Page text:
Fifth: Provide Options

The easiest way to offer the most value is to offer options or augment an option with a sense of urgency. It is a well-known fact that people do not like to be sold. However, what they do like, is having a myriad of options to select from, so that at least the process of being sold is less obvious.

This allows them to feel in control, which leads to an alleviation of anxiety or resistance to facilitate their demand for the product or service offered.

Understanding that individuality is an emotional trigger provides you with the opportunity to set the stage for conversion by bundling or packaging distinct advantages into an appealing offer. This is why car manufacturers went to great lengths to create flash-based website/options for personalizing and customizing an automobile online, so you could see the end result and create an emotional attachment for the final product.

There isn’t a person out there who doesn’t enjoy some sort of bargain or enhanced perceived value. Custom paint which would have cost $2000 extra, can now be included into the base price as a bargaining chip/ emotional trigger to sweeten the deal and facilitate the purchase.

Would this have actually cost the automobile manufacturer any more money to produce?; probably not, since the car was more than likely in pre-assembly anyway.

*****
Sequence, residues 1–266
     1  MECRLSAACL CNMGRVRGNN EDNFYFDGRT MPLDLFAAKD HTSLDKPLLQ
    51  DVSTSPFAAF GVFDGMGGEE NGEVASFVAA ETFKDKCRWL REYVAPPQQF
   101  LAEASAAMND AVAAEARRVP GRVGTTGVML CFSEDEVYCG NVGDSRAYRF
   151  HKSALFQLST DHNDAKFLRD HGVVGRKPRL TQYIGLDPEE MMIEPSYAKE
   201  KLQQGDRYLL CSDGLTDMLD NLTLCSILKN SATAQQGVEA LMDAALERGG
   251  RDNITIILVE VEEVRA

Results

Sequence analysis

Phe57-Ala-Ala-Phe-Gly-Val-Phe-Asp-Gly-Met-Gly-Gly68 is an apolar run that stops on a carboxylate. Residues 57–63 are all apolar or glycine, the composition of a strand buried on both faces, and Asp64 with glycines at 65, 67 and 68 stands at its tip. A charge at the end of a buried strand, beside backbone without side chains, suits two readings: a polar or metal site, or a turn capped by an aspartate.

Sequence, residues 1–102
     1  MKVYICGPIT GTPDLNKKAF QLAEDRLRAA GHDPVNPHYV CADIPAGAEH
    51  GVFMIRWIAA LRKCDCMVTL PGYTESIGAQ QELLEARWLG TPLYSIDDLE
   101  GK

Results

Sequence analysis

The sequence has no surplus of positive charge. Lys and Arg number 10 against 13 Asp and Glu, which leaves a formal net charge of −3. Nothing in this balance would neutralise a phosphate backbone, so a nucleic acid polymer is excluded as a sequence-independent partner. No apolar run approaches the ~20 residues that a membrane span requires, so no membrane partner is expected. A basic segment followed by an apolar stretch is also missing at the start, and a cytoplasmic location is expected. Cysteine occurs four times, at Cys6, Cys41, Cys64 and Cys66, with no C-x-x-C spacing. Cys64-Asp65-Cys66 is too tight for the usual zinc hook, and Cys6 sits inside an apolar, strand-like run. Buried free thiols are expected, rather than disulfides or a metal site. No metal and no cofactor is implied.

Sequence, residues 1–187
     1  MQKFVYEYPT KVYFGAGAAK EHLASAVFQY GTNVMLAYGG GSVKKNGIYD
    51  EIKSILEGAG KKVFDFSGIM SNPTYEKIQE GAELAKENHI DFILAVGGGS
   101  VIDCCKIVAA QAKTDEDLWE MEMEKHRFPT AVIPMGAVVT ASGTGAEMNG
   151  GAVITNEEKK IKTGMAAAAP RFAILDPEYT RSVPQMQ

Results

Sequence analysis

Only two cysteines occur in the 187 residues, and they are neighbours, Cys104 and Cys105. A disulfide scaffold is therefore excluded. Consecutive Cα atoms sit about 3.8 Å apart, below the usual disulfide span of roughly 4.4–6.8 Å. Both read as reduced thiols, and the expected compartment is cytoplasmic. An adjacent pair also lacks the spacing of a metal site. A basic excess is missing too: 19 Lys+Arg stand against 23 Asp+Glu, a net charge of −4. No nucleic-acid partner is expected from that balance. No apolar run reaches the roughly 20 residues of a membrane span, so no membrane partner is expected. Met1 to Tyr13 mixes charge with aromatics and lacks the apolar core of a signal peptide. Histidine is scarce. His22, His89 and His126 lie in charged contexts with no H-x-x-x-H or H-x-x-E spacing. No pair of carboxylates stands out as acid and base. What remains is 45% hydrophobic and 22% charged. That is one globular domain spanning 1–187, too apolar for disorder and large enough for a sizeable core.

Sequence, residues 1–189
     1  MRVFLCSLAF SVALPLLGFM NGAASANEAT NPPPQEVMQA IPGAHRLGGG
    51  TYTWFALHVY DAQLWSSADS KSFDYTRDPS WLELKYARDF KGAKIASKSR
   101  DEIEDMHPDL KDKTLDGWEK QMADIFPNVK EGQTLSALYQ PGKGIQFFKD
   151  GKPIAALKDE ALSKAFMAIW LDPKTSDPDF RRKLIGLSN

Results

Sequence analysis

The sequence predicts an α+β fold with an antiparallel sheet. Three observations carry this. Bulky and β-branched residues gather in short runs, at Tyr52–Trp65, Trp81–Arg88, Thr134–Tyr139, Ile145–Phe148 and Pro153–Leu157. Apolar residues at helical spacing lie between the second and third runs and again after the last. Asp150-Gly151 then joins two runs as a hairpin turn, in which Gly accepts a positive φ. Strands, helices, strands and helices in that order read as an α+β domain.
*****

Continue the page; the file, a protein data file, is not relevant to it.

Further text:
Sixth: Create a Sense of Urgency

To take this one step further and add urgency, you could make the offer time-sensitive, set to expire in 30 days. The fact is, the “not too much pressure/pressure close” is a clear example of how utilizing options can facilitate a high dollar purchase while incorporating a time sensitive call to action. As far as the consumer is concerned, all they know is that their custom automobile is only one click away, and they were in complete control and got a great deal in the process.

Seventh: Use Persuasive Jargon

Words like “New” or “Free” are catchy and can bring you one step closer to the final conversion objective. The word FREE, in particular, has a 98% reader response; and even if something is old and slightly different, well, guess what, it’s new!

There are 3.4 billion competing pages in Google for the word free. It’s because it works. Try to tactfully weave this into your offer to enhance your overall value proposition to get consumers past their innate resistance.  Under this premise, a bit of reciprocity can go along way…

nick-hoffman
Nick graduated from Butler University with a Bachelor of Science Degree in Finance. Mr. Hoffman spearheads new business development endeavors for SEO Design Solutions. Prior to his tenure, Nick worked for Merrill Lynch and UBS Financial.

SEO Design Solutions @ SEO Design SolutionsOriginal post here: SEO Design Solutions